The southern naked-tailed armadillo Cabassous unicinctus is a species of small armadillo from South America. The upper body is covered by a dark grey bony carapace of squarish scutes. In the mid part of the body, this carapace is divided into a series of ten to thirteen mobile rings, giving the animal some degree of flexibility. Although there are some bristly hairs around the margins of the scutes, the tail and underside of the animal are hairless. The armour covers the back of the neck and extends onto the head between the ears. Smaller and thinner scales are also found on the cheeks and the outer surface of the ears.
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New records of the southern naked-tailed armadillo Cabassous unicinctus unicinctus Linnaeus, Cingulata: Dasypodidae in Brazil. Novos registros do tatu-de-rabo-mole Cabassous unicinctus unicinctus Linnaeus, Cingulata: Dasypodidae no Brasil. The geographic distribution of Cabassous unicinctus is poorly known due to the low number of available records. Two subspecies with distributions limited by the Amazonas River were recognized in Cabassous u.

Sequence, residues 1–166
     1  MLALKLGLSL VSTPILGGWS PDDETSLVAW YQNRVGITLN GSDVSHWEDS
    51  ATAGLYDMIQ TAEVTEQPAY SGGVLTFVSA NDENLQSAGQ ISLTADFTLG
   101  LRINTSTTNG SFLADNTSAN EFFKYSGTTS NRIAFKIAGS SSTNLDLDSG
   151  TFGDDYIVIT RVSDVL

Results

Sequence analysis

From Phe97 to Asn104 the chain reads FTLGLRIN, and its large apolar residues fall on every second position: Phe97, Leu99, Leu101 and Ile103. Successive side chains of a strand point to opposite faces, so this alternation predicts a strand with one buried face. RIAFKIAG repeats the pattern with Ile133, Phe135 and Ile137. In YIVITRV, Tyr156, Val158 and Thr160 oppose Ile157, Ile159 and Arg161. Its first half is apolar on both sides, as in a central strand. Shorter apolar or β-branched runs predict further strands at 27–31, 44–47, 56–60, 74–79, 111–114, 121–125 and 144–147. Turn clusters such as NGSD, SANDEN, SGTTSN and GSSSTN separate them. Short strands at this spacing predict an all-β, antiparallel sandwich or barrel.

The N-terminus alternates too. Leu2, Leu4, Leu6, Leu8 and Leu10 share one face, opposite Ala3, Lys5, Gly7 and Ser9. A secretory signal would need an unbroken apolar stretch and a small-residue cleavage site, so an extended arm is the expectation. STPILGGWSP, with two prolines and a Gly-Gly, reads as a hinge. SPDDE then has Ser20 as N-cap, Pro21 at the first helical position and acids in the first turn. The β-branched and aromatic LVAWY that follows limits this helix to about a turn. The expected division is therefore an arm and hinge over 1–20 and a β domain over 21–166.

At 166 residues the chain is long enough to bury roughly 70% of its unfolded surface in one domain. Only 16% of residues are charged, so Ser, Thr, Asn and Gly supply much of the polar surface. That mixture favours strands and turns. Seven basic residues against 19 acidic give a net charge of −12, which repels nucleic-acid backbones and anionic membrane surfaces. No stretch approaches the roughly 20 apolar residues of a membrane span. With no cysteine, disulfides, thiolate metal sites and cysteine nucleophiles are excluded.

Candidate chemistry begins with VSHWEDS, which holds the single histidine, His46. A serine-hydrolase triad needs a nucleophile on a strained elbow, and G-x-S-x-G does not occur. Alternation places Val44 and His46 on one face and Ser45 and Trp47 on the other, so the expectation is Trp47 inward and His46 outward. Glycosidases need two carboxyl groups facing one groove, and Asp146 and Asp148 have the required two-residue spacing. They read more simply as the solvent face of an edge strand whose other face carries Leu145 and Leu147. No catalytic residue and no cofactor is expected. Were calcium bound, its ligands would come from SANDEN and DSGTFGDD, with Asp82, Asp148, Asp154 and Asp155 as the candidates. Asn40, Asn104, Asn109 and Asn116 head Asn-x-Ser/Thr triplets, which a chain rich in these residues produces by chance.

This study aimed to update the distribution records of C. We compiled records from literature, museum collections and field studies. These records enlarge a geographic distribution of C. Armadillos of the genus Cabassous Mc Murtrie, are widely distributed, occurring from southern Mexico to Argentina Wetzel et al.
Four species are currently recognized: C. This genus is the second largest in number the species, surpassed by the Dasypus genus. Members of this genus have carapace very flexible with a variable number of movable bands usually eleven , and a rounded tail that may be unarmored or partially armored with scattered, small scutes and scales Wetzel , In addition to these negative factors, there are problems related to mis-identifications of holotypes and the provenance of some Cabassous specimens deposited in museum collections.